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dc.contributor.advisorBayat, Amiena
dc.contributor.authorJaiyeola, Afeez Olalekan
dc.descriptionPhilosophiae Doctor - PhDen_US
dc.description.abstractThe high rate of poverty in Nigeria has reached alarming proportions. Despite average economic growth rates of 6 percent between 2004 and 2010, the incidence of poverty has remained high, increasing from 54.7 percent in 2004 to 60.9 percent in 2010 (Nigerian Bureau of Statistics, 2010). A drop in the poverty rate to an average of 56.1 percent between 1999 and 2007 could be attributed to the measures taken by the civilian government against administrative corruption, increased domestic and foreign investments and some implemented agricultural policies. These efforts were thwarted by subsequent administrations with devastating effects for the Nigerian population. It is in recognition of this that this study examines the political economy of poverty in Nigeria; analyses the variations in poverty and inequality across the six geopolitical zones of Nigeria; examines the impact of economic growth on poverty reduction across the six geopolitical zones of Nigeria over the period 2010 - 2013; investigates the reasons for the low rates of poverty reduction in Nigeria and analyses whether economic growth in Nigeria was pro-poor.en_US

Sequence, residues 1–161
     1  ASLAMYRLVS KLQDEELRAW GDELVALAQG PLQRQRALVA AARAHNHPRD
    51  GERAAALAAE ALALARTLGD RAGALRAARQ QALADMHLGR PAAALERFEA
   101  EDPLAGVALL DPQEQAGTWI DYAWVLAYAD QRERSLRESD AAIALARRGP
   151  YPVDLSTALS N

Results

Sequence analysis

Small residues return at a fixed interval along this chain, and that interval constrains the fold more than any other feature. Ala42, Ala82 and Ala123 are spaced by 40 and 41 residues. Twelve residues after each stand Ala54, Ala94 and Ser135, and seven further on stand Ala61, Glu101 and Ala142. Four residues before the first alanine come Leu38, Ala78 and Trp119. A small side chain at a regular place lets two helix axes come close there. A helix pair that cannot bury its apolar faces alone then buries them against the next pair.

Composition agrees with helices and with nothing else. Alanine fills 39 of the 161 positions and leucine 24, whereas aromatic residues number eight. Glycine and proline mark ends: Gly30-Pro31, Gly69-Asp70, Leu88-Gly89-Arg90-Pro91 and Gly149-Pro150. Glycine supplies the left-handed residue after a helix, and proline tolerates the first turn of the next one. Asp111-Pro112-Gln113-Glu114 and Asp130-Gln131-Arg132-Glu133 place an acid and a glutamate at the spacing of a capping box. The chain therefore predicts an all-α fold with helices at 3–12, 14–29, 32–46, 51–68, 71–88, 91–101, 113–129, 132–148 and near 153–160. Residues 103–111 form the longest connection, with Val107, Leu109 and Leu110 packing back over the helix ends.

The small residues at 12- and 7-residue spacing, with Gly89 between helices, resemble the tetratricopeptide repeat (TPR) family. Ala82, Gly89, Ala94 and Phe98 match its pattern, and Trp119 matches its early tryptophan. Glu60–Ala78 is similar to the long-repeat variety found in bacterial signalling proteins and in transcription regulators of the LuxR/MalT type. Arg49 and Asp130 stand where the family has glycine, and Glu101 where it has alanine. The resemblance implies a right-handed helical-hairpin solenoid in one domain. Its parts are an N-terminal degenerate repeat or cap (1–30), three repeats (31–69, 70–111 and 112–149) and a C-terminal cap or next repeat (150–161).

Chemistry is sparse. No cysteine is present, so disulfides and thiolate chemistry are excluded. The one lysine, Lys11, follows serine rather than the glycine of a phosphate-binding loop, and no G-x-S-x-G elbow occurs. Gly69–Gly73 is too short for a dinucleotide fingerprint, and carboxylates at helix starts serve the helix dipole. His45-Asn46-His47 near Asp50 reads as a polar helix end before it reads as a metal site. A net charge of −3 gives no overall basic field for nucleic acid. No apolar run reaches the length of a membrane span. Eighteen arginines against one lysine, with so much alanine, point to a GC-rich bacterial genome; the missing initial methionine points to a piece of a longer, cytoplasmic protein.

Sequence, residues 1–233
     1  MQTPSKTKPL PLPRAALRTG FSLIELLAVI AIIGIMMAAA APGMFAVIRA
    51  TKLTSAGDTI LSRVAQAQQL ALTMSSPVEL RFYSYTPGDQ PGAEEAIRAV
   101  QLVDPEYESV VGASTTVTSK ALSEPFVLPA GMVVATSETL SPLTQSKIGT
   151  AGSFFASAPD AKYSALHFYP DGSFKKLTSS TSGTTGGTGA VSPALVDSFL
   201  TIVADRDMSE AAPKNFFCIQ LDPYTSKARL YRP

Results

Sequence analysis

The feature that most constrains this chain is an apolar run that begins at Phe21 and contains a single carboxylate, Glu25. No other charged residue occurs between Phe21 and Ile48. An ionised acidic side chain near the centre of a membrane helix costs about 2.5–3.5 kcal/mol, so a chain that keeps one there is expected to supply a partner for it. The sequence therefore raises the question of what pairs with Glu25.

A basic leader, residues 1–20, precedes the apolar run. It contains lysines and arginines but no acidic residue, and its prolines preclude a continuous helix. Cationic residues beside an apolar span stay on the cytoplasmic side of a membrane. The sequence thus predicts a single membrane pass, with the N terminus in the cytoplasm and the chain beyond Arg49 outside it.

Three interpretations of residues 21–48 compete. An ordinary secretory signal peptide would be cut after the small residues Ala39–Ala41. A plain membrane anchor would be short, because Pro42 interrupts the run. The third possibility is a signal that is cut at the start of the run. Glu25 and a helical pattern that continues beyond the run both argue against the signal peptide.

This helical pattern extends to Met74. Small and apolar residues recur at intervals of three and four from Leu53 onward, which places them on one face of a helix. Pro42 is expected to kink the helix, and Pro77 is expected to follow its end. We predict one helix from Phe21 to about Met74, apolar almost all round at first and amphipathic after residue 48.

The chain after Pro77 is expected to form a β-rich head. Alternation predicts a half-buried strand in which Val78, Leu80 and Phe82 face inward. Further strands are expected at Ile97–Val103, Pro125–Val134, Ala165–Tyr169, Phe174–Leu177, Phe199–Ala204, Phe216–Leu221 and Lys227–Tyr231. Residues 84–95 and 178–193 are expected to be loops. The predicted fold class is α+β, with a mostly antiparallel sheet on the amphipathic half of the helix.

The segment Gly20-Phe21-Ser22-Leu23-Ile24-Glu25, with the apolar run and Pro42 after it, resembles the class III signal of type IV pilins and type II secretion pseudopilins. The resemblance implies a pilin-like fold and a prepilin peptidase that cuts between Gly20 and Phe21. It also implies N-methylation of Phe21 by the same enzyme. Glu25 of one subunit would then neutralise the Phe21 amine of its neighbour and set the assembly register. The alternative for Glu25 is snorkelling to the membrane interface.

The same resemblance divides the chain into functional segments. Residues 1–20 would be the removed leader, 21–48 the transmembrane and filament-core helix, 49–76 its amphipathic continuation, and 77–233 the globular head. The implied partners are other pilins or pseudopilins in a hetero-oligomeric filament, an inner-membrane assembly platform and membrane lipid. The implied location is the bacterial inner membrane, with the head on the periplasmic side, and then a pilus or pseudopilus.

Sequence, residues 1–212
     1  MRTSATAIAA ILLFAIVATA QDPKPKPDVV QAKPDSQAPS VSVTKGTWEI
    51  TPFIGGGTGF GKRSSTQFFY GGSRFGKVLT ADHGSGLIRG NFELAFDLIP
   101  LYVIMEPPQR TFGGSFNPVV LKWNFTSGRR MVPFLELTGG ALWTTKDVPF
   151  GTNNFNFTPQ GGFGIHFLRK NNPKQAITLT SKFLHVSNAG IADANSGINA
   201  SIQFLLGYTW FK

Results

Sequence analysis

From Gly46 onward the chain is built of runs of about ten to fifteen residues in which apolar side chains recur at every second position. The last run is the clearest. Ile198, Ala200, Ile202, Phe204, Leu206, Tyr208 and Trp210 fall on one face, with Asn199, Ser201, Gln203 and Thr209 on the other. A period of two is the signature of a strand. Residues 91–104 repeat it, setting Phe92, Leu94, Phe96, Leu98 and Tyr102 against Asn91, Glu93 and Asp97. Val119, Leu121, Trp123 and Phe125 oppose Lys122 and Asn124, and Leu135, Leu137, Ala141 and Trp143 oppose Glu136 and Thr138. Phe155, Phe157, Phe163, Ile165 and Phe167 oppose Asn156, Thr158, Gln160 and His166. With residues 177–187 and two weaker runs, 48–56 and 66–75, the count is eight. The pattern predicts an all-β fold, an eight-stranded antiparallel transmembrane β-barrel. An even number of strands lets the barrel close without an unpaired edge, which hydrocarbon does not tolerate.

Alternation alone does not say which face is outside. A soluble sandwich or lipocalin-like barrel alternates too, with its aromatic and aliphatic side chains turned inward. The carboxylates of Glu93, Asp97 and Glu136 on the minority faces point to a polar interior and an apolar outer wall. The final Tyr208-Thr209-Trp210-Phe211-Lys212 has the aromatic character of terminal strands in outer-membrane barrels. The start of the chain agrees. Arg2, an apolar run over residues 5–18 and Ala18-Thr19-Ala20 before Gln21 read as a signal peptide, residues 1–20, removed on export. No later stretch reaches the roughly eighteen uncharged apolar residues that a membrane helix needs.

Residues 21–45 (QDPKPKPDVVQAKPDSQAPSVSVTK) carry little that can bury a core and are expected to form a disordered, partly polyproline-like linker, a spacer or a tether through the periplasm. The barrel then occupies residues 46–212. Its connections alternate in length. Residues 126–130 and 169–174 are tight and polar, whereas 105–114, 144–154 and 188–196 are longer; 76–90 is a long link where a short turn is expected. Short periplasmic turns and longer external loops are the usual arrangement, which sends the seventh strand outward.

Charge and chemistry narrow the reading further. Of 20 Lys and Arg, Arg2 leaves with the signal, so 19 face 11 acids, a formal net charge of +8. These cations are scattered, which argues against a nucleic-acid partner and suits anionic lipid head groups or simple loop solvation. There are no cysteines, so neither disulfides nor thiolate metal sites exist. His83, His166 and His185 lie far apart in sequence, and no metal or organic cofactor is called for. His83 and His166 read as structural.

dc.publisherUniversity of the Western Capeen_US
dc.subjectEconomic growthen_US
dc.subjectPoverty trends, Incomeen_US
dc.subjectPro-poor growthen_US
dc.titleAssessment of poverty and inequality trends in the six geopolitical zones in Nigeria: Evidence from the General Household Survey of Nigeriaen_US
dc.rights.holderUniversity of the Western Capeen_US

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